Flood of Florence-1966

"Mud Angels"-"angeli del fango"- helped rescue books and art

In Florence, Italy more than one million books, periodicals and journals were damaged on November 4, 1966 at 6.50am, as the Arno spilled mud and debris into the miles of stacks in piazza dei Cavalleggeri.1

600,000 tons of mud, rubble and sewage severely damaged or destroyed numerous collections of books, manuscripts and fine art. Between 3 and 4 million books and manuscripts were damaged, as well as 14,000 movable works of art.

Churches, museums and libraries, filled with works of art, were inundated with mud, to a depth in some places of 22ft.2 Young people, arriving from across the Continent, immediately began showing up to help. They became known to the Florentines as gli angeli del fango, ‘the Mud Angels’. 3

The tragedy of 1966 led to the development of one of the most impressive book restoration centres in the world. Over 33,000 volumes in the precious Magliabechi Collection have been restored (more than 52,000 were affected by the flood), as well as 6,000 (9,500 affected) in the Palatine Collection and 12,000 miscellaneous items (42,000 affected). 4

The completion of the Last Supper project marked the closing chapter of the Great Flood saga. With much fanfare, the painting was returned from the Opificio delle Pietre Dure to Santa Croce for dedication on November 4, the very day of the tragic event fifty years prior. There was no shortage of other commemorations in the city, but the Vasari was firmly at center stage, described as a "masterpiece" and its restoration as a "miracle."5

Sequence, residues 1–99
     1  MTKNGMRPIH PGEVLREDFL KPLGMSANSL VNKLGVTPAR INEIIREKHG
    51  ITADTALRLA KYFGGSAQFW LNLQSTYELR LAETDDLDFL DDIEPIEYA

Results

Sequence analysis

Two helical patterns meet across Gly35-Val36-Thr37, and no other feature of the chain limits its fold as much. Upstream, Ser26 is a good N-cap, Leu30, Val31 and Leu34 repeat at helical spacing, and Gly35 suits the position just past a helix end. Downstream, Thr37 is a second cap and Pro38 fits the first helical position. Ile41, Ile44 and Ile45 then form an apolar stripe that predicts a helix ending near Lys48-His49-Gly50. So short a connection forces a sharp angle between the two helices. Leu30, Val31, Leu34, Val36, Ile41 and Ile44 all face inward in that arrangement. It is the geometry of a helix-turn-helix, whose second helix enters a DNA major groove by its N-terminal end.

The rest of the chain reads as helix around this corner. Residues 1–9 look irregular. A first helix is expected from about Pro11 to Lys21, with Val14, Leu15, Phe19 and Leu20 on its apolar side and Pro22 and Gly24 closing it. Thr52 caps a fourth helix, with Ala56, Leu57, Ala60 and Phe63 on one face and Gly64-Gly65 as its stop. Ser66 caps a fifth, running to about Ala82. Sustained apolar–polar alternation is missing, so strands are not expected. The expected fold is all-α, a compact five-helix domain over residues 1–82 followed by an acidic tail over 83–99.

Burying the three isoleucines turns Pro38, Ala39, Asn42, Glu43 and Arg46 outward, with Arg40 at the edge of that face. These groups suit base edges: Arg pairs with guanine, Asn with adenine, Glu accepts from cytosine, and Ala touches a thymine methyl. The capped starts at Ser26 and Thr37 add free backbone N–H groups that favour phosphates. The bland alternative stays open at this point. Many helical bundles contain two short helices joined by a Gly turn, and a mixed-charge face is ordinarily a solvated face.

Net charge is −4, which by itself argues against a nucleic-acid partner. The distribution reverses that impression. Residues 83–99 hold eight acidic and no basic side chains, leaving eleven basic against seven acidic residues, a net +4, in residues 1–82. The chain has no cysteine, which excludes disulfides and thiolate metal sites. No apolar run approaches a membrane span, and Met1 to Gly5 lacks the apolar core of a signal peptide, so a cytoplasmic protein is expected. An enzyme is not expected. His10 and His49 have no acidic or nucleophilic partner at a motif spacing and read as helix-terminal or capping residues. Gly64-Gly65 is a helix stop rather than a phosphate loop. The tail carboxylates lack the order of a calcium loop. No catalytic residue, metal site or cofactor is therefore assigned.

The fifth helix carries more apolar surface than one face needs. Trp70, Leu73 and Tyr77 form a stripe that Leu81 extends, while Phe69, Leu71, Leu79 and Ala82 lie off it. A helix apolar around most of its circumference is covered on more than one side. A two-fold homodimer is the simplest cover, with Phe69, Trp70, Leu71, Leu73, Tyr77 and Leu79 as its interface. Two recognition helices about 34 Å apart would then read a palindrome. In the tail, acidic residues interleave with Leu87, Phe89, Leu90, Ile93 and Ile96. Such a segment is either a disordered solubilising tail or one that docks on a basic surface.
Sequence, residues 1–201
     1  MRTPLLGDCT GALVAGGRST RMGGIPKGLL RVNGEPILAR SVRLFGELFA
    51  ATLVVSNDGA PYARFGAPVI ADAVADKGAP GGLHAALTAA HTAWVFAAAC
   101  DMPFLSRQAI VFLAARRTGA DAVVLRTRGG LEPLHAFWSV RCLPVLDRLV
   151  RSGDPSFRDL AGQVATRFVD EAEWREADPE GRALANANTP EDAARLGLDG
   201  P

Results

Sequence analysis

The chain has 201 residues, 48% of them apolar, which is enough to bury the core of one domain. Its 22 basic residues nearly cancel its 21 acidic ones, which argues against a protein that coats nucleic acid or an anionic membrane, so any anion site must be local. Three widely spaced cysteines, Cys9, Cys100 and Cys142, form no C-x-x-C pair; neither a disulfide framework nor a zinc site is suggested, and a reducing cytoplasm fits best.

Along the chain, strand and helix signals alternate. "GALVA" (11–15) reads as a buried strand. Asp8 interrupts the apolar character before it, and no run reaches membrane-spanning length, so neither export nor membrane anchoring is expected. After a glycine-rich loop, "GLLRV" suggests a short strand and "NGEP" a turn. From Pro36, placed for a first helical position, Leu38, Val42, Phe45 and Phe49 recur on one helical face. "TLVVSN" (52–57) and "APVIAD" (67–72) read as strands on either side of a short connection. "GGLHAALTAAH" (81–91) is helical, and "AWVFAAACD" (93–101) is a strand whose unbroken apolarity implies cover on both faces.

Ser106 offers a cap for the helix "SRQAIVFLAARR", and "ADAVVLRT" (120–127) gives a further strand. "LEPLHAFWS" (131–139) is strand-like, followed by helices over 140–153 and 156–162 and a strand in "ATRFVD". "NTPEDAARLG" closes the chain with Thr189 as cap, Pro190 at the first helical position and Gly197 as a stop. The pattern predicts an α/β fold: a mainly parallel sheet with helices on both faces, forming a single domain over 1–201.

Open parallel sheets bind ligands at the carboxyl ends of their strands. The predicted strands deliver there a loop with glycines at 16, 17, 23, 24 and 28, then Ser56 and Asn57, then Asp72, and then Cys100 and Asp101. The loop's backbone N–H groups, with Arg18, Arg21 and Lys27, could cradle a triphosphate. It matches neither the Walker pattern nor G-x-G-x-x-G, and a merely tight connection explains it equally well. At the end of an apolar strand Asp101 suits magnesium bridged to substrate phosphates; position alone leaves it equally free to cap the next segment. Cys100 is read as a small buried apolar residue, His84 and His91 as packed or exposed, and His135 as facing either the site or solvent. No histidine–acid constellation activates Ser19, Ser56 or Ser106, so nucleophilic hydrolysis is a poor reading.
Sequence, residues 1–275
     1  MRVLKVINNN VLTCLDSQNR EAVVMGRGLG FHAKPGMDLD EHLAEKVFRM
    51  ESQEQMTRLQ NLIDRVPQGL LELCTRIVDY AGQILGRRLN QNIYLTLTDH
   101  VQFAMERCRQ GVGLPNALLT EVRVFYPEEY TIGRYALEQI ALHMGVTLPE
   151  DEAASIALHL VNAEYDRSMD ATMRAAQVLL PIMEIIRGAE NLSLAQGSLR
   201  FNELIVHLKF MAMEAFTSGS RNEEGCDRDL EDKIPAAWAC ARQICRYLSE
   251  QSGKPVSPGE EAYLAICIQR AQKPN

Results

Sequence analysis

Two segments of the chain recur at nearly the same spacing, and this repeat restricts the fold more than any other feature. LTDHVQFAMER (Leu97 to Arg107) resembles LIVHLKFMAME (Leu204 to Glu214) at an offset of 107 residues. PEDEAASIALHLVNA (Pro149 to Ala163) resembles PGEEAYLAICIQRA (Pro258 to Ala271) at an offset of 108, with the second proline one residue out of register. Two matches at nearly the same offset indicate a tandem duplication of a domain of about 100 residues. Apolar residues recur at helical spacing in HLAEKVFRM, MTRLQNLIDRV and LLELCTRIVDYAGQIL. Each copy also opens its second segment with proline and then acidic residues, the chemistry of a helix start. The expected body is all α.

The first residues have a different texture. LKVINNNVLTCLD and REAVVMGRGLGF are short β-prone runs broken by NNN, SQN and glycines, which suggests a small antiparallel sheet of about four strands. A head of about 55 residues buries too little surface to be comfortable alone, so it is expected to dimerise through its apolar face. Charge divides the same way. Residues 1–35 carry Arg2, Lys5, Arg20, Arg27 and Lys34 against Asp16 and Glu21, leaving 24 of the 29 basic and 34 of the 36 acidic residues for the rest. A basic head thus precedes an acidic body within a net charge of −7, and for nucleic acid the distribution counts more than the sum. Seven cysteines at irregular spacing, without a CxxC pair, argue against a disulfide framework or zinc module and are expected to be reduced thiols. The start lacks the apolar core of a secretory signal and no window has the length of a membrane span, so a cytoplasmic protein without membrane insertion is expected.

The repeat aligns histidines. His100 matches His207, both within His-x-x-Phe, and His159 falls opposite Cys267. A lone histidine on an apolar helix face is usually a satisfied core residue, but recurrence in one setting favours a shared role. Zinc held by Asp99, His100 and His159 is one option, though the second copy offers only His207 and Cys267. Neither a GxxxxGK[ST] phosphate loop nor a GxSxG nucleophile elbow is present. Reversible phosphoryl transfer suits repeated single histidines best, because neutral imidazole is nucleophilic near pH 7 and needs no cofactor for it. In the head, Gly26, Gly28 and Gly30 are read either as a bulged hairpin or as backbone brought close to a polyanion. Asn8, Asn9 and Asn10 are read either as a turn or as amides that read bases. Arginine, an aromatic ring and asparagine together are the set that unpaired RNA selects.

1

Farrell, Helen (2016) The National Central Library: after the flood. The Florentine. (Nov.6).

2

Sheila Waters. Waters Rising: Letters from Florence; Peter Waters and Book Conservation at the Biblioteca Nazionale Centrale di Firenze after the 1966 Flood. Introduction by Randy Silverman. Ann Arbor: The Legacy Press, 2016.

3

Jobs, Richerd (2017). “Florence’s Mud Angels.History Today (Aug.8). Some of the institutions affected:

  • Archivio di Opera del Duomo: 6,000 volumes of documents and 55 illuminated manuscripts were damaged.

  • Biblioteca del Gabinetto Vieusseux: All 250,000 volumes were damaged, including titles of romantic literature and Risorgimento history; submerged in water, they became swollen and distorted. Pages, separated from their text blocks, were found pressed upon the walls and ceiling of the building.

  • Biblioteca Nazionale Centrale Firenze: Located alongside the Arno, the National Library was cut off from the rest of the city by the flood. 1,300,000 items (a third of their holdings) were damaged, including prints, maps, posters, newspapers and a majority of works in the Palatine and Magliabechi collections.

  • Archivio di Stato: Roughly 40% of the collection was damaged, including property and financial records; birth, marriage and death records; judicial and administrative documents; and police records, among others.

  • Library and Archive of the Italian Unification: 7,000 volumes were inundated.

    Special Issue of The Book Collector Spring 1967. "Mario M. Witt, "The Flood of 4 November, 1966;" Nicolai Rubenstein, "Return to Florence, January, 1967;"Howard M.Nixon,"British Aid for Florence;" Dennis E. Rhodes, "The Libraries of Florence."

4

Ibid., Farrell.

5

Grassi, Marco. "After the Great Flood of Florence." New Criterion, vol. 35, no. 5, Jan. 2017, pp. 52+.; Vasari’s Last Supper returns to Santa Croce. The Florentine.November 3, 2016.